The Jewelers of Las Vegas celebrates 35 years

Thirty-five years ago, Mordechai Yerushalmi had a decision to make: keep repairing ground-breaking but temperamental 360 Computers or handle diamonds and other precious stones every day.

No contest.

Yerushalmi, along with his wife, Vicki, began a wholesale business that would transform into The Jewelers of Las Vegas, now 12 locations, including Red Rock Resort. Yerushalmi’s three sons, Benny, Leor and Elad, and daughter Natalie have joined the company in various management roles.

But back then, he was a 30-year-old man with one store at 2400 Western Ave.

"It was the only building out there; everything else was just desert," Mordechai Yerushalmi said.

As his business grew — he opened his second store after only a year and a half — so did his client base. Some of them were celebrities.

He was with Elvis Presley when a security guard admired the singer’s ring.

"Elvis took it off his hand and gave it to the guy," he said. "And the guy was like, ‘No, I couldn’t’ … Elvis wouldn’t take it back."

The superstar ended up buying a lot of jewelry from Yerushalmi but not for himself. It was all given away.

"He’d come to the store and point to a tray and say, ‘Give me the whole thing,’ " Yerushalmi said.

A tray held as many as two dozen items — watches, rings and bracelets.

Yerushalmi’s daughter Natalie, now vice president of marketing, said going backstage to Elvis’ dressing room was a treat for her father, who always has idolized the singer.

"My dad has told us forever that he truly got goose bumps the second he saw him (Elvis)," she said.

In the 1970s, Yerushalmi told Liberace he would make him a special ring based on the piano used in his show. Yerushalmi studied a picture of Liberace’s piano and crafted the ring to look like it. The resulting ring was a combination of onyx, white coral and diamonds. He topped it off with a large initial, L.

Liberace loved it and wore it often.

The ring was worth $6,500 then, back when gold prices were $37 an ounce. Today, it would be 10 times that, Yerushalmi said.

When Bill Cosby was performing in Las Vegas, he played tennis nearly every morning. He often would swing by the jewelry store, find something he liked and point it out to Yerushalmi.

"He’d say, ‘I’ll be back to pick that up,’ " the jeweler said.

Sure enough, after his game, he’d return and buy the item.

When the movie "Casino" was filming in town, Robert De Niro came to see if the store could provide jewelry on a quick turnaround basis and toured the manufacturing facility.

Natalie Yerushalmi recalled how movie requests would be received in the morning and had to be ready that same evening.

"We definitely had to hustle to finish things, but it was an amazing experience to be a part of that, and we had such a fun time doing it," she said.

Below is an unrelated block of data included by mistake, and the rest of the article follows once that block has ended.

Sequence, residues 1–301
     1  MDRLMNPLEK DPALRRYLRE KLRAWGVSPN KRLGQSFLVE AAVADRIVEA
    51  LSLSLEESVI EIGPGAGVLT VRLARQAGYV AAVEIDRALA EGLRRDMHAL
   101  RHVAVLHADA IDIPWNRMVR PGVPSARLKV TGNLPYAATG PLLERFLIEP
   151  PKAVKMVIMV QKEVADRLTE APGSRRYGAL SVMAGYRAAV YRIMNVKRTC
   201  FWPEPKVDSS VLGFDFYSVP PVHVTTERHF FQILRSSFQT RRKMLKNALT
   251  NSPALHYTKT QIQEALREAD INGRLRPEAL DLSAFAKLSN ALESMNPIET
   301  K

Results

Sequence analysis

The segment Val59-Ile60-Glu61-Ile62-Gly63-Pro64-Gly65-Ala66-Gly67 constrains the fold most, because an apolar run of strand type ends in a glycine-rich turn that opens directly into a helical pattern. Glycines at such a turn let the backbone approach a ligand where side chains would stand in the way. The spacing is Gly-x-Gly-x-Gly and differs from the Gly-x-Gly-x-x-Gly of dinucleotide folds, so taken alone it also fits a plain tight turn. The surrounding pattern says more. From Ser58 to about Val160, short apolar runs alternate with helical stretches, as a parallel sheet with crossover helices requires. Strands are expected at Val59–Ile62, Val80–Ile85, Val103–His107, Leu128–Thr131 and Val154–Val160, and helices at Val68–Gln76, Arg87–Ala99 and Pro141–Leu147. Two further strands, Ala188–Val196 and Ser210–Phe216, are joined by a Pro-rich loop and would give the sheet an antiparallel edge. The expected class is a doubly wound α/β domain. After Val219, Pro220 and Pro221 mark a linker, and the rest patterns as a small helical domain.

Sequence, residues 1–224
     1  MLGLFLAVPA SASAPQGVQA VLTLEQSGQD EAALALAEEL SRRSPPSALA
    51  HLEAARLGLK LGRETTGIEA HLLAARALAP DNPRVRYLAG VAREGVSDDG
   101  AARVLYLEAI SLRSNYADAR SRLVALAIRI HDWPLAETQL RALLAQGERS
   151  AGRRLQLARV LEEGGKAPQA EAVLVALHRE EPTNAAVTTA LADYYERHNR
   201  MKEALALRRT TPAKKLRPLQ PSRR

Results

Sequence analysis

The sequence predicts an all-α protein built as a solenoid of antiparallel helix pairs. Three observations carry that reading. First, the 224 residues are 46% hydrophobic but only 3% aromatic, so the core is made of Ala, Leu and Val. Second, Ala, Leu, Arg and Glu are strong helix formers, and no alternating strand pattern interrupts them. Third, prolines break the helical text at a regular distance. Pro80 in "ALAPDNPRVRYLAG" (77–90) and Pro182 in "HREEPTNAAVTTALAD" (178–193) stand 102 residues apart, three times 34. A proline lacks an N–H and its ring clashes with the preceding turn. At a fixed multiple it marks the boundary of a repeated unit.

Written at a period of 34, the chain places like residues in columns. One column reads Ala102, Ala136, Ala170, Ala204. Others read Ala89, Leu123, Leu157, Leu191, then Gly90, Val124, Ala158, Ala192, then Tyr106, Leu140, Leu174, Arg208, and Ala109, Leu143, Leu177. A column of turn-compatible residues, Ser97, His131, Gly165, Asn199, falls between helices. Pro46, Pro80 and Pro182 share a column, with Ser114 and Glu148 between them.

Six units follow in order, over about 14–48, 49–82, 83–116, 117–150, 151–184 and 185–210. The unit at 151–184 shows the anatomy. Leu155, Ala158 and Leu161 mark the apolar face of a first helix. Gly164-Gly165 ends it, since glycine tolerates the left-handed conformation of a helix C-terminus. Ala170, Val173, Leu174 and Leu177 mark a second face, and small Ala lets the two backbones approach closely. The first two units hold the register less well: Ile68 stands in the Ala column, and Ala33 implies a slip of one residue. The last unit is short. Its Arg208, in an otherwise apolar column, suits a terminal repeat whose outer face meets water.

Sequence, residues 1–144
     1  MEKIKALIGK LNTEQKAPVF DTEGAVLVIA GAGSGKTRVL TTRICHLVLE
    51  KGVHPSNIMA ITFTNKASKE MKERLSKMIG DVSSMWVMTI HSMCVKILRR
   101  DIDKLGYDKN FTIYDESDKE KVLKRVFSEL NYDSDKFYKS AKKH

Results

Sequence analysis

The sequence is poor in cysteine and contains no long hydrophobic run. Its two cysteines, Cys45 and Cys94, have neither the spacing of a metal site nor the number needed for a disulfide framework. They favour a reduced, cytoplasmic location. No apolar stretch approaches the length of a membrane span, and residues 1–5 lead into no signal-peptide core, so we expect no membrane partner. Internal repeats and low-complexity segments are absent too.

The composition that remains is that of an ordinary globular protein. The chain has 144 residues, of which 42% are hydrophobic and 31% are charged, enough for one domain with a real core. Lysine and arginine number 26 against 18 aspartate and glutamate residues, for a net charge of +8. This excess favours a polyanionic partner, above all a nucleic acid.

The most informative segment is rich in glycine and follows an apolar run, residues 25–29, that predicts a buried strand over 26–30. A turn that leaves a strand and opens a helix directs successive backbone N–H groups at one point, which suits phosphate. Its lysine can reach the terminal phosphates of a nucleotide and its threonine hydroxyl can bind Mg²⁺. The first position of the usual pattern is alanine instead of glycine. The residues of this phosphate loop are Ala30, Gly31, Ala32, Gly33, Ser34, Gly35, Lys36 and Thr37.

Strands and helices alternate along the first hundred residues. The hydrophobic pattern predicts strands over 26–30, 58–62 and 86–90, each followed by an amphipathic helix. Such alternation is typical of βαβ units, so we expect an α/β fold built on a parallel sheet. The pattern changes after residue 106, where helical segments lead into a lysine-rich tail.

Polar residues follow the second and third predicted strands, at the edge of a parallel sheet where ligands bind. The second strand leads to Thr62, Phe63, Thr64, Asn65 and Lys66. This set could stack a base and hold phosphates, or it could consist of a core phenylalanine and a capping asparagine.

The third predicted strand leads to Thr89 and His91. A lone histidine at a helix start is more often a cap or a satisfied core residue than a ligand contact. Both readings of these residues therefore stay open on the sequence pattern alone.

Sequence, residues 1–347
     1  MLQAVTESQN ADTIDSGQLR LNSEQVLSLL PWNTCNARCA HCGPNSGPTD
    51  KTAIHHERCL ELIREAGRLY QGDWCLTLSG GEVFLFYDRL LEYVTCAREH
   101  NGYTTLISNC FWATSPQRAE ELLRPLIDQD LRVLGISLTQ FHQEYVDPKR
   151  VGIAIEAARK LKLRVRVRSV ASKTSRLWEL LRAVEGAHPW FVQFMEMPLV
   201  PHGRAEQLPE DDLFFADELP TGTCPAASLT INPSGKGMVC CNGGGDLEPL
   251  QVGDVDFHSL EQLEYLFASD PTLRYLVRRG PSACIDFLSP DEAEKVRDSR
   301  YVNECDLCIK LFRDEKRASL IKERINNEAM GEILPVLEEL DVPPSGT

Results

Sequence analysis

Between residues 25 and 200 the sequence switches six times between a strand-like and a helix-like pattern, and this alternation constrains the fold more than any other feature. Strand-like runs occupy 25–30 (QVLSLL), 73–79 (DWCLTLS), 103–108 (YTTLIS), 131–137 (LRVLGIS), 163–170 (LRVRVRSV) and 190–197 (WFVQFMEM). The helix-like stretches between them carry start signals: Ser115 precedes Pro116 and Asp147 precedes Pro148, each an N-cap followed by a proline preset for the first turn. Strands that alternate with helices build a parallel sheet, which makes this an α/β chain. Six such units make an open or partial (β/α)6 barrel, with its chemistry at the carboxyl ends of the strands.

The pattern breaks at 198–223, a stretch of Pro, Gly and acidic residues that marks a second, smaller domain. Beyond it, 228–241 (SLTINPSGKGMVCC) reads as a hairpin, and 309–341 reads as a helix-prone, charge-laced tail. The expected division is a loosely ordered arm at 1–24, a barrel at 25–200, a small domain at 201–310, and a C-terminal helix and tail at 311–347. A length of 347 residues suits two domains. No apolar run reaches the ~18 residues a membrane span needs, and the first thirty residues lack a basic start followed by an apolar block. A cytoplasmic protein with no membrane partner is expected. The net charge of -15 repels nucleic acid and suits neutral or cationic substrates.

Boxing stars came to Las Vegas for their bouts. One day, Larry Holmes stopped by Yerushalmi’s shop in the Dunes, which was mostly glass-walled. By the time the fighter went to leave, a large crowd was pressed against the glass, waiting to greet him.

The boxing champ signed autographs and posed for pictures.

Yerushalmi was set to tape a commercial the next day, and Holmes reworked his schedule to be in it. They filmed a number of commercials together.

"I tried to pay him, but he wouldn’t take it," Yerushalmi said.

Similarly, TV commercials shot with former University of Nevada, Las Vegas, Runnin’ Rebels coach Jerry Tarkanian and UNLV basketball star Larry Johnson gained cult status in Las Vegas.

Mike Tyson proved to be a gracious fan pleaser. The boxer was at dinner with the jeweler and his family when a young boy slipped into the private dining room at the Tropicana, approached them and asked for an autograph.

Tyson agreed and went out and signed autographs for a number of people, letting his dinner go cold.

The one celebrity Yerushalmi always will be grateful to is Jerry Lewis.

Yerushalmi was a huge fan of Cliff Richard and The Shadows. Popular in Europe, the band sold more than 250 million records worldwide. He wanted nothing more than to see them in concert, he said.

But every time Yerushalmi tried to get tickets to a show, something always prevented it.

Years passed, and Yerushalmi gave up his dream.

Then, a couple of years ago, he learned the band was slated for a 50-year reunion concert. He hurried to secure a ticket, but the event had sold out. Yerushalmi learned the band had added a show in Australia — also sold out.

Lewis learned of the dilemma. Two days later, Yerushalmi was handed two tickets to the concert in Australia. In February 2010, he and his wife jetted off and finally fulfilled his dream.

"I don’t think he realized what a favor he did for me," he said of Lewis.

Yerushalmi said the one celebrity he’d love to meet is Clint Eastwood.

"Those spaghetti westerns, they were my favorites," he said.

He may soon join the list of celebrities. Four weeks of taping episodes for a possible reality show about the store, "Vegas Rocks," recently wrapped up. The show is being shopped around to various networks.

Contact Summerlin/Summerlin South View reporter Jan Hogan at or 387-2949.

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